Starring Michael J. Fox, Christopher Lloyd, Thomas F. Wilson, Lea Thompson, Elisabeth Shue, James Tolkan, Jeffrey Weissman, Flea, Casey Siemaszko, Billy Zane, J.J. Cohen, Charles Fleischer
Directed by Robert Zemeckis
Expectations: High, I love this one too.
How do you follow-up one of the most exciting, entertaining and enthralling films of all-time? It’s a nearly impossible situation to be in for any filmmaker, but thankfully Robert Zemeckis and Bob Gale were up to the task. Back to the Future Part II builds on the fiction of the first film beautifully, taking us on an even faster paced thrill ride through time. Doc Brown takes Marty and Jennifer into the year 2015 (so yes, you’ve only got three more years to wait for your flying car). Doc did some temporal snooping and found out about a few events worth avoiding in the McFly family timeline. He enlists Marty to impersonate his own son so that they can nip these problems in the bud. Of course, it does not go as planned and we have a ridiculously exciting film on our hands.
I haven’t seen this one nearly as much as I’ve seen the original; the ratio is probably 10:1. This makes for a lot of fun when re-visiting the film, as I remember general plot points and scenes, but nothing in great detail. For instance, I’m always surprised at how little future stuff there is, as the characters are only in the future for one section of the film. Due to this fact, I am able to judge this film more objectively than the first, which isn’t to say that some nostalgia isn’t clouding my vision.
If Back to the Future is simple in its complexity, Back to the Future Part II is complex in its complexity. The plot weaves through different years and alternate timelines, showing us in vivid detail why monkeying around with a time machine is a bad idea. All those space-time continuum rifts and paradoxes Doc Brown talks about in the first film are realized here and it makes the film a much more varied spectacle than the first film was. Obviously the budget is a lot higher as well, and the number of FX shots is through the roof this time around.
Speaking of the FX, they are incredible. Still. Some of the shots involving the flying cars are so seamlessly done that I doubt they will ever look bad to future audiences, no matter what year it is. And let’s not forget the lightning FX. I’ve said it before and I’ll say it again, lightning in 80s movies is always fucking awesome looking and Back to the Future probably features the greatest example of these killer lightning FX. The set design and dressing of the standard Hill Valley set to reflect the various eras represented in the film is also outstanding.
Thomas F. Wilson does a spectacular job of playing Biff in his many forms, creating four distinct versions of the character for the film (five if you count the Auto Detailing Biff from the end of Part 1). Michael J. Fox also pulls off a number of McFly family members very well, showing that both young actors were promising, solid talents. Fox obviously continued on to great success cut short by illness, but Wilson never really caught on. Looking through his IMDB page, he’s done a ton of TV and voice work, but I look forward to the day when a director thinking outside the box (ala Tarantino) offers him another career-defining film role.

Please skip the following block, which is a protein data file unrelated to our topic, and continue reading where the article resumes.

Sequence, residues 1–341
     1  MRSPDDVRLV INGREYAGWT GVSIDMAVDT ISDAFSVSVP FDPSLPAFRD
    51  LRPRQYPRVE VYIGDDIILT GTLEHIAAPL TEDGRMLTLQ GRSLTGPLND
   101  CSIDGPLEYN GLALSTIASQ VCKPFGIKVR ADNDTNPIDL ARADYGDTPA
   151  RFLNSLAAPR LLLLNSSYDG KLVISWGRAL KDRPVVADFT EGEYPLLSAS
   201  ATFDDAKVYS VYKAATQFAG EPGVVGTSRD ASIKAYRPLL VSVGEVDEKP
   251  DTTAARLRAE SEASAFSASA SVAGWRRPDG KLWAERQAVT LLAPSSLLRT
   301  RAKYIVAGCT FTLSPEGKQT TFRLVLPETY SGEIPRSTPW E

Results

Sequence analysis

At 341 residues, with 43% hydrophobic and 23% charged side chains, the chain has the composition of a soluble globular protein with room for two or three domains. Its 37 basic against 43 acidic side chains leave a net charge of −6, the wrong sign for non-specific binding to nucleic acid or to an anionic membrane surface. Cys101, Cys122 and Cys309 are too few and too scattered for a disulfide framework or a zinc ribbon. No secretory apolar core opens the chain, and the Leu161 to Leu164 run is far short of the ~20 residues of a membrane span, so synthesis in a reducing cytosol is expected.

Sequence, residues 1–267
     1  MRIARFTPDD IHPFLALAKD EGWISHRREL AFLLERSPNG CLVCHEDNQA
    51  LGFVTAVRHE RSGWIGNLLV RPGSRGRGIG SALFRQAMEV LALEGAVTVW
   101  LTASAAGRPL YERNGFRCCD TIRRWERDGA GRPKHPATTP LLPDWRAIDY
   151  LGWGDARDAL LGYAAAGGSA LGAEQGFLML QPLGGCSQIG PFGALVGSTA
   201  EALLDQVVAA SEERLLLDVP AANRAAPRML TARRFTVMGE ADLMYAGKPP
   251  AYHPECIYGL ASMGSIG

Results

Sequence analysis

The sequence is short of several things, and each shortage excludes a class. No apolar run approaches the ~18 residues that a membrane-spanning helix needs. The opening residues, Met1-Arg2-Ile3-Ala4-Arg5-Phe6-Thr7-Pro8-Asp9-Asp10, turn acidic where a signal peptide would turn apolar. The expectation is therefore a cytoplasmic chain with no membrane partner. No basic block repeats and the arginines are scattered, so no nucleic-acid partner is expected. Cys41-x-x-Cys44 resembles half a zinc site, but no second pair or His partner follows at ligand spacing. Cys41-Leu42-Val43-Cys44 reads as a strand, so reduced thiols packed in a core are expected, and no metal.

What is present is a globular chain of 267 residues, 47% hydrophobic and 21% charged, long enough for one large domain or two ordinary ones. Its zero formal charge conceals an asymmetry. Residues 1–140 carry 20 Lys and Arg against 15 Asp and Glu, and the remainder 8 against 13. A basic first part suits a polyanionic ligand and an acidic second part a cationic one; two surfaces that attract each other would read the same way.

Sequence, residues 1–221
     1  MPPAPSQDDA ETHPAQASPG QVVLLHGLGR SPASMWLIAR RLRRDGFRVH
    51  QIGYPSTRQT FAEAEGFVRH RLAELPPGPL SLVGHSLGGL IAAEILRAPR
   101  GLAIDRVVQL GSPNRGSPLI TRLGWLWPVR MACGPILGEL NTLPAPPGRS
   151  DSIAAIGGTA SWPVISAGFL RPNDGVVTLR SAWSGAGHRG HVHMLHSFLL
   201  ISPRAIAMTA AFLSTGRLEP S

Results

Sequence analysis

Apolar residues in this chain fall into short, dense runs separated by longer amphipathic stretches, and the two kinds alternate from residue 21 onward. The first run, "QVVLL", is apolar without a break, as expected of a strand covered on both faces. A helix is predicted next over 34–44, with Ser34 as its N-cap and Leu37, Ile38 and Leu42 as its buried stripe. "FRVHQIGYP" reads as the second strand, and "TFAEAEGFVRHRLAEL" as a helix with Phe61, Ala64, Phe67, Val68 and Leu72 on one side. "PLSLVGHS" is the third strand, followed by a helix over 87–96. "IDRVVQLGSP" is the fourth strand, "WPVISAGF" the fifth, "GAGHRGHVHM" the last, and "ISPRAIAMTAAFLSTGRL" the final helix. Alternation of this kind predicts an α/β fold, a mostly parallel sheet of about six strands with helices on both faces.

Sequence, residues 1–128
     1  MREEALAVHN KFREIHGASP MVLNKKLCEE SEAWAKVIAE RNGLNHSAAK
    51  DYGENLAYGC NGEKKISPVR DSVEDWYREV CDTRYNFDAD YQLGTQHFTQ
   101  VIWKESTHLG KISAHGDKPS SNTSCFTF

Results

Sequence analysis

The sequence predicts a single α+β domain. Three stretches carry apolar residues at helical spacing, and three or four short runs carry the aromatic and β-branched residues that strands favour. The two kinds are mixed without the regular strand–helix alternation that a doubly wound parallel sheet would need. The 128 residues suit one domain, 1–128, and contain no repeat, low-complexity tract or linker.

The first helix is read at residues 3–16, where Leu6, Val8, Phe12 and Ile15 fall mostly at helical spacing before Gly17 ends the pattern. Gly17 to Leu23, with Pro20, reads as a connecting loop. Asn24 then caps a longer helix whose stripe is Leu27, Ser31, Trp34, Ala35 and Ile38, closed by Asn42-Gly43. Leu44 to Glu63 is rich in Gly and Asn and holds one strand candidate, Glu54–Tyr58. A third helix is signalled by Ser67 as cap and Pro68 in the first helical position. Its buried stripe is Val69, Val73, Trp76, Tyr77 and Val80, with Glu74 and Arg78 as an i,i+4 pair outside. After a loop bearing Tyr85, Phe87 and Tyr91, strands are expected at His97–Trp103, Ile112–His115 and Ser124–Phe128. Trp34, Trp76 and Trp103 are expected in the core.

As I stated in the Back to the Future review, these films never cease to amaze me at how well plotted they are. This film in particular is especially well put together, as it creates a story that fits and makes sense within the world created in the original, while also going back and weaving itself right into the plot of the first film’s final act. This creates an interesting situation for viewers who are intensely familiar with the original. As events play out, you know (just like Marty does) how everything in the background will play out, and Marty must find a way to avoid another paradox while trying to save the day.
It’s not all shiny new 4×4 trucks though, there are a few problems with Back to the Future Part II. Most of them stem from the plot. Wha’? Didn’t I just say that I was impressed with the film’s plotting? I did, but amidst the greatness, there are a couple of moments that only occur to specifically move the story along. This series is fantastic when Marty gets wrapped up in the moment and falls into an impossible situation, only to realize it just after. This creates a struggle that Marty must overcome, despite its seemingly impossible nature. Back to the Future Part II has loads of stuff like that, but it also has moments where the writing is very transparent. Things like taking Jennifer along to the future, only to zap her unconscious and leave her in an alley, thus setting up the chain reaction that propels the film forward. I’m willing to forgive the film this because it’s overall incredibly enjoyable, but I wish they could have thought of something slightly less banal. There’s another of these moments that occurs late in the film where Doc inexplicably continues to hover around in the lightning storm when he just as easily could have landed and hung out with Marty on the ground. I know, I know– then we wouldn’t have a third film, but it is pretty ridiculous.
Ridiculous plot aside, Back to the Future Part II is a fantastic movie and a fantastic sequel to one of my favorite films. It succeeds in following up a classic by ratcheting up the stakes and giving the audience a heavy helping of visually exciting and quite fun paradox antics. Biff yells a little too much, but I can deal with it in a film this intoxicating. If you somehow never saw Back to the Future Part II, then definitely check it out!